The Customer Experience: Trust

The lessons I learned as a health care consumer has influenced and shaped the way I treat all of my customers.  Every industry and every client will have their own unique needs but the elements of trust and delivering a superior service or product are universally important. In any business, when you do the right thing for your clients the money will follow.   

Trust in business is important but I feel this is even more critical in the business of health care.  In health care, building customer trust means putting patients’ interests first through providing transparency and competency in the situation regardless of how much profit or gain could be made.  The customer experience should revolve around superior service and exacting precision with the end goal of earning trust. 

Growing up I often accompanied my grandparents to doctor appointments to translate and at times help them make decisions.  This responsibility as a young adolescent was at times overwhelming but I was glad to be there especially when they felt they couldn’t trust the medical staff.   For example, when my grandfather was prescribed medication where the dosage was exceedingly high which caused permanent hearing loss in his right hear. This led us to search for other doctors.  What did make us trust a doctor and their medical staff? When we felt we could trust them with the small things that were in the end big things.  Such as treating us with respect the moment we walked in the door.  Attentively listening.  Genuinely caring. Empathically understanding.  Providing a variety of viable options from which the patient could choose. Being competent on the job, from the small details to the big ones.  When my grandfather found a doctor he could trust, the rest of the family became curious. In time, his doctor became the doctor for the entire family. Through the trust this doctor gained from one customer, many others followed.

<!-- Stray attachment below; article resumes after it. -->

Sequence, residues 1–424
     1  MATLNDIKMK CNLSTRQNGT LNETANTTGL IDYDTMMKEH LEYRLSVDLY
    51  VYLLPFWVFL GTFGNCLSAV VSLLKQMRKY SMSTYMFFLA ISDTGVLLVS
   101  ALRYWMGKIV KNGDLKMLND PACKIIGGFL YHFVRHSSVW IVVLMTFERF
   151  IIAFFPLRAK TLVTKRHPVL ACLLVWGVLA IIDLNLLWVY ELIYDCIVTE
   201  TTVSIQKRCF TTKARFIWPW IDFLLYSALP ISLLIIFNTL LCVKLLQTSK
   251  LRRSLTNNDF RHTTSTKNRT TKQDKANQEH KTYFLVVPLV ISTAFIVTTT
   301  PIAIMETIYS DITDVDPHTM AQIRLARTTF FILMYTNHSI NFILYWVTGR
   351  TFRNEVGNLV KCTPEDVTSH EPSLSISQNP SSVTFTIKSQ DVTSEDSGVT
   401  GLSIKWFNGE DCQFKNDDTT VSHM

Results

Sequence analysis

Smart 3D Glasses for the Visually Impaired

A theme in computer vision aims to replicate what human eyes can do.  Let’s envision the software to assist those who don’t have the capability to see.  Equipped with 3D tracking, Smart Glasses would allow localization, mapping, and collision-free path planning to give the visually impaired the human scale of depth and perception needed to successfully steer through their environments. Voice prompts or subtle vibrations emitted from the glass frames can help navigate.

Guide dogs are used to assist the blind to plan a clear path as well as locate important landmarks such as the bus stop, pedestrian crossings, places to sit, one’s house. However they can present certain limitations and disadvantages: they require extensive training, daily maintenance, and will need to be replaced when he or she can no longer work. Smart Glasses may be able to replace guide dogs to give people with visual impairments a greater degree of independence and sense of control over their own lives.